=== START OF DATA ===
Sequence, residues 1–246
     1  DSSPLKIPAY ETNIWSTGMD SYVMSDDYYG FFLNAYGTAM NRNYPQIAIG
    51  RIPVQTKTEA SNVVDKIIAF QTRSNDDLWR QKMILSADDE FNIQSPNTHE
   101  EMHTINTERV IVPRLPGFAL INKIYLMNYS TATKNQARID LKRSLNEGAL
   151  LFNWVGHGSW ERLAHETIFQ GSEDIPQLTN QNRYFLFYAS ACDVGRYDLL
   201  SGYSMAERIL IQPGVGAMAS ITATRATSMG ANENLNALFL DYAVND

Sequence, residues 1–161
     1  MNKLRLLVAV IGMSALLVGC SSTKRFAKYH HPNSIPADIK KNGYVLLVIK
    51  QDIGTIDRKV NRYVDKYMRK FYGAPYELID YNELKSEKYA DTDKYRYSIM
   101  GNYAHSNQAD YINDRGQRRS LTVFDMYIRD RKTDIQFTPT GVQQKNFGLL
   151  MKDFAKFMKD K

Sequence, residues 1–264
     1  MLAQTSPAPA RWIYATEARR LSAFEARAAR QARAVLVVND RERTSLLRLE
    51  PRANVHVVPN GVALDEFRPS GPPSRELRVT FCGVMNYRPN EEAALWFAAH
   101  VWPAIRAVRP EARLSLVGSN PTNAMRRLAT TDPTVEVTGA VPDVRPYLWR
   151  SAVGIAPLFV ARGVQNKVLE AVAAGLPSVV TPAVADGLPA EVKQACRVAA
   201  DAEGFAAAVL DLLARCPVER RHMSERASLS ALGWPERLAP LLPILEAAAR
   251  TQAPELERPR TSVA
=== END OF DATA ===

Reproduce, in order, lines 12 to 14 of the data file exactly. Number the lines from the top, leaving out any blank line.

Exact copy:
Sequence, residues 1–264
     1  MLAQTSPAPA RWIYATEARR LSAFEARAAR QARAVLVVND RERTSLLRLE
    51  PRANVHVVPN GVALDEFRPS GPPSRELRVT FCGVMNYRPN EEAALWFAAH